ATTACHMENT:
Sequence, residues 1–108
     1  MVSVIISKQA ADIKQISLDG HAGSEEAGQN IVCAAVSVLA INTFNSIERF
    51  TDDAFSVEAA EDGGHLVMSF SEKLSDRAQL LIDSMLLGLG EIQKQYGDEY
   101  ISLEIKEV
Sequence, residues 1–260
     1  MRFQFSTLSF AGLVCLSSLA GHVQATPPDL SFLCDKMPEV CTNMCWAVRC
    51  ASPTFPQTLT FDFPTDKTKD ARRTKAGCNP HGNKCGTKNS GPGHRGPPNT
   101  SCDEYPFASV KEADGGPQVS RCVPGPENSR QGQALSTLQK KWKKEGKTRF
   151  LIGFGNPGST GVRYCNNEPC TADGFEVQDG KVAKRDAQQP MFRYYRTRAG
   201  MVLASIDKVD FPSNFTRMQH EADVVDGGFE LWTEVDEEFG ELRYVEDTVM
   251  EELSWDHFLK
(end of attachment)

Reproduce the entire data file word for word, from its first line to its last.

Sequence, residues 1–108
     1  MVSVIISKQA ADIKQISLDG HAGSEEAGQN IVCAAVSVLA INTFNSIERF
    51  TDDAFSVEAA EDGGHLVMSF SEKLSDRAQL LIDSMLLGLG EIQKQYGDEY
   101  ISLEIKEV
Sequence, residues 1–260
     1  MRFQFSTLSF AGLVCLSSLA GHVQATPPDL SFLCDKMPEV CTNMCWAVRC
    51  ASPTFPQTLT FDFPTDKTKD ARRTKAGCNP HGNKCGTKNS GPGHRGPPNT
   101  SCDEYPFASV KEADGGPQVS RCVPGPENSR QGQALSTLQK KWKKEGKTRF
   151  LIGFGNPGST GVRYCNNEPC TADGFEVQDG KVAKRDAQQP MFRYYRTRAG
   201  MVLASIDKVD FPSNFTRMQH EADVVDGGFE LWTEVDEEFG ELRYVEDTVM
   251  EELSWDHFLK